Apr 20 2021. views 47
On April 12, 1961, Soviet cosmonaut Yuri Gagarin became the first person to fly to space. His flight lasted 108 minutes as he circled the Earth in Soviet Union’s Vostok spacecraft. Following the flight, Gagarin became an international hero and travelled around the world as part of a ‘Peace Mission’ advocating for global peace and cooperation from 1961-1965. He visited 32 countries including Sri Lanka and met with Heads of State, politicians, artists and people on the streets. Upon his visit, Gagarin was garlanded by Magilin Nona, a national heroine at the time. More than 5000 people gathered to catch a glimpse of this great human being. During his visit, Gagarin travelled to the South, Central highlands, Anuradhapura and Colombo prior to bidding farewell to Sri Lanka.
In view of the 60th Anniversary of his spaceflight and visit to Ceylon, the Russian Cultural Centre recently held a two-day exhibition of stamps, newspaper articles and exclusive photos to celebrate the world’s first cosmonaut.
“The exhibition comprised three parts and the most important feature was the collection of stamps which is a
personal collection by Anura Samaraweera,” opined Anastasia Khokhlova, First Secretary of the Embassy of the
Russian Federation. “The other two parts included newspapers and photos collected from national archives
capturing the arrival of the first man who landed in space. There were photos of him meeting Sirimavo Bandaranaike and other distinguished individuals. The other part comprised photos of Yuri Gagarin and his personal life and him preparing for the flight collected by Russian news agency RIA Novosti.”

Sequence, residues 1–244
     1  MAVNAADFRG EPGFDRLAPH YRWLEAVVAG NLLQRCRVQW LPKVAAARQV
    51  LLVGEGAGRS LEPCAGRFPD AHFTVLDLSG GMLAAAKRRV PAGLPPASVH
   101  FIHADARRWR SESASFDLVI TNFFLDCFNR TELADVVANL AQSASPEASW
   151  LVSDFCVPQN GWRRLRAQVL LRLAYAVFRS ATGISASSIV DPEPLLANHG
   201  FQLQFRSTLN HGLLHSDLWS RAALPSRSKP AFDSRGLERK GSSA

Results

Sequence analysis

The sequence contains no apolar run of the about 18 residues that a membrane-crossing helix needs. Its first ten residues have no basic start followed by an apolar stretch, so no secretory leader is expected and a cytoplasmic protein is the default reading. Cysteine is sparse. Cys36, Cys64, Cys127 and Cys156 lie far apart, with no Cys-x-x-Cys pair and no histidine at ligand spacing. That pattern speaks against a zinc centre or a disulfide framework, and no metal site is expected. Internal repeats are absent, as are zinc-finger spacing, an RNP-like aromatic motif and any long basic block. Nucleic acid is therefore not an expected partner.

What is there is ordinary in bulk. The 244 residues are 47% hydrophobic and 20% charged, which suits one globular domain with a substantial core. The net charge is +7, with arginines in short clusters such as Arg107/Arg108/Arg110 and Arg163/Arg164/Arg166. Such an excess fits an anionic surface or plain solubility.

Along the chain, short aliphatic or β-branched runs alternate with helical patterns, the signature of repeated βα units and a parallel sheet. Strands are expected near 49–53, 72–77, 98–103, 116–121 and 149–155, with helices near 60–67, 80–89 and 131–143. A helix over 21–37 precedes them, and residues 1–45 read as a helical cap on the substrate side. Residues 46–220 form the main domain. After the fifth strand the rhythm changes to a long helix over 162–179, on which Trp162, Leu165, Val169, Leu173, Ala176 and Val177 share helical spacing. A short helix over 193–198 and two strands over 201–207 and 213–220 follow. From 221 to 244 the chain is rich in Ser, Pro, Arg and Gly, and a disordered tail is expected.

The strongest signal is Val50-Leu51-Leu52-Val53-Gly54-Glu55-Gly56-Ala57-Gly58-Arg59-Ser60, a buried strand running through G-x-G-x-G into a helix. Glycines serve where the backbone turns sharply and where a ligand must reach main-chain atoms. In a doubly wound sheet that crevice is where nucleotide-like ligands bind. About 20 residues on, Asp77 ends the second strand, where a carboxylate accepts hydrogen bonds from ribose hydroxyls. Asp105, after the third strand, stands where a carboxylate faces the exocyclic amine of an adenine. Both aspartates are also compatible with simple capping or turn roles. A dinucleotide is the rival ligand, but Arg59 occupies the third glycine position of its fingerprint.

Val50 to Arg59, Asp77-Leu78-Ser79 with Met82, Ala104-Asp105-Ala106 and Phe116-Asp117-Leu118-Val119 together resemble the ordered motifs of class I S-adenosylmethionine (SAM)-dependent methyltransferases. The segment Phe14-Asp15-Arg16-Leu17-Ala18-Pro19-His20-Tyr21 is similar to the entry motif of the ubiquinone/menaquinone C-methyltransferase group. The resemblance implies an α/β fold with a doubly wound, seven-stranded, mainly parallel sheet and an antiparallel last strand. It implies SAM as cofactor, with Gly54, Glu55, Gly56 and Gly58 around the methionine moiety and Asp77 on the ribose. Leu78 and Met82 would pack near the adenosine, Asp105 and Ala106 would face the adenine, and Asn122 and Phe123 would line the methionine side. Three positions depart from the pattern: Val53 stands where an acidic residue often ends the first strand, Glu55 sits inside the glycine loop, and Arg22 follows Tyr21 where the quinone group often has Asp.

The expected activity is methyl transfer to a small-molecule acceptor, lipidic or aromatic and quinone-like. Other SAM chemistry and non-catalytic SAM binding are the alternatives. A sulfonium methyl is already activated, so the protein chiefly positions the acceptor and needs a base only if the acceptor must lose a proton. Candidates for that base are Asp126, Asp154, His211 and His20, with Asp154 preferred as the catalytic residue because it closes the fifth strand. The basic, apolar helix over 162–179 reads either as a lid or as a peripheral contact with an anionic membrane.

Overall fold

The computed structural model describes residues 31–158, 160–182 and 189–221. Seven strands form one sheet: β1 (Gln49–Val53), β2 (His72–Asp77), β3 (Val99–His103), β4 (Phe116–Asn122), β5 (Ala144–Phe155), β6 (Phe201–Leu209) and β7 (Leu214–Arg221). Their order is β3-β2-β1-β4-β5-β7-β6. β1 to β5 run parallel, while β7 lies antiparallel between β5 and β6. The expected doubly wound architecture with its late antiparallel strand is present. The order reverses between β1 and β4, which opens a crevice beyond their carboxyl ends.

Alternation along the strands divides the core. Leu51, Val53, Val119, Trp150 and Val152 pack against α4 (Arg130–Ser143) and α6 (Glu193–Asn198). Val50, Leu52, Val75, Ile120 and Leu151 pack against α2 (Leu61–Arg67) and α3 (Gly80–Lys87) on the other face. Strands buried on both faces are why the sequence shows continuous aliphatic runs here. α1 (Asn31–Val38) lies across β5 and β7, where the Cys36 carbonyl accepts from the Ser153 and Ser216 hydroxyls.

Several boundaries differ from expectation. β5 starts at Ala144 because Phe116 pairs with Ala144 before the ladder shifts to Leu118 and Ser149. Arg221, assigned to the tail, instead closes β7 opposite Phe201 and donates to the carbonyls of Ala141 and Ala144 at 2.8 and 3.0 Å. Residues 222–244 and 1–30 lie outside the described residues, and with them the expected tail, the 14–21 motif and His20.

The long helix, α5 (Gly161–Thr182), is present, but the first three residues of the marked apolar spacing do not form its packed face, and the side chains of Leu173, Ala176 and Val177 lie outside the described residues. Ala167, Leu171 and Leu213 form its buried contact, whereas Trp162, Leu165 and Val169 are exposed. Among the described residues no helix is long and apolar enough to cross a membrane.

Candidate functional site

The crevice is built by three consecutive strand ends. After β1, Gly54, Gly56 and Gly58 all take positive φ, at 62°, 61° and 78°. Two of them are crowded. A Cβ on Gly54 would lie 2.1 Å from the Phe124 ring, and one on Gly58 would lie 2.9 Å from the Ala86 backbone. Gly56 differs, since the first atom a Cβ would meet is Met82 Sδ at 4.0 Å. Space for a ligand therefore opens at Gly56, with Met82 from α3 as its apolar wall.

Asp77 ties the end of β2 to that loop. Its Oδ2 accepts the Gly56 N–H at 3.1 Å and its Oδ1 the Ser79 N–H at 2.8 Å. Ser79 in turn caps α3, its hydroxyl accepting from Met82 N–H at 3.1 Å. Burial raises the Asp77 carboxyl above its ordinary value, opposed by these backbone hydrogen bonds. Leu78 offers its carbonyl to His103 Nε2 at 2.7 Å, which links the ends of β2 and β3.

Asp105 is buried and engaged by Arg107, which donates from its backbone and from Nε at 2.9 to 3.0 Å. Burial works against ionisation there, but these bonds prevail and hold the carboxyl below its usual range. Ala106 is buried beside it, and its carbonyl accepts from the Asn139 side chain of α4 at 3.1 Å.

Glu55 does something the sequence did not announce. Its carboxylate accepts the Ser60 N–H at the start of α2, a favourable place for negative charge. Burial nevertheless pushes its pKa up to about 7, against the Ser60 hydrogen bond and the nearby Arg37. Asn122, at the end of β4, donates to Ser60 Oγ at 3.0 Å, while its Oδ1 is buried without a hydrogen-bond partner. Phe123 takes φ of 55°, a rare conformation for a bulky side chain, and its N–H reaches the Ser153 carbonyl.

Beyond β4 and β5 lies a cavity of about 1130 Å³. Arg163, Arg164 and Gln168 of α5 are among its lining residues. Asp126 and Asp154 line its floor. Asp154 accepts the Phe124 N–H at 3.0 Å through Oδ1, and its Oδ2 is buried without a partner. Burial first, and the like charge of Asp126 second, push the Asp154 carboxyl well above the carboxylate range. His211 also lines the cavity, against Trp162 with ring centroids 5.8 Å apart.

“We are extremely grateful to Mr Samaraweera for setting an example to the younger generation because stamp
collecting is not a popular hobby anymore. It is something unique and meaningful for children in the Facebook era,”
she added. When asked about expanding the exhibition, Khokhlova further said that plans are underway to make it more interesting for the public. “We will organise a postcard and envelope exhibition during the Russian Cultural Festival which will take place in October. The Festival that took place prior to the pandemic was a huge success. This year we mark the 80th anniversary of World War II which is an important event for Russian people and we hope to mark it on a grand scale.”
For Anura Samaraweera, a philatelic journalist and member of the International Association of Philatelic Journalists, winning a gift pack of stamps at a competition was his inspiration to start stamp collecting at an early age. “There was a supplement called Lapati Pela in the Dawasa newspaper and I remember sending answers to a quiz,” recalled Samaraweera in an interview with Daily Mirror Life. “The gift pack included 25 stamps of Soviet countries. This is what inspired me to take up stamp collecting as a hobby. After some time I moved to Colombo for work and bought a stamp album. Thereafter I started collecting used stamps and also got involved in exchanging stamps as well.”
“There were colourful stamps from countries such as Northern Europe and there were different themes. Yuri
Gagarin’s collection was one of them. There was a close connection with Soviet nations such as Russia, Bulgaria and stamps were being issued to mark various historic milestones. Back then we also had pen pals and did exchanges with them as well. Many were from Europe and Soviet countries,” he added. With his interests, Samaraweera was determined to master his newfound hobby and started penning books on stamps back in 1984 while being employed at the Postal Department as a Postal Officer. As such, he has contributed many articles to children’s papers including Mihira, Bindu and Navayugaya. In future, Samaraweera aspires to take philately to newer heights by collaborating with philatelic societies in countries such as Japan, Taiwan and the Philippines.
Pics by Kithsiri De Mel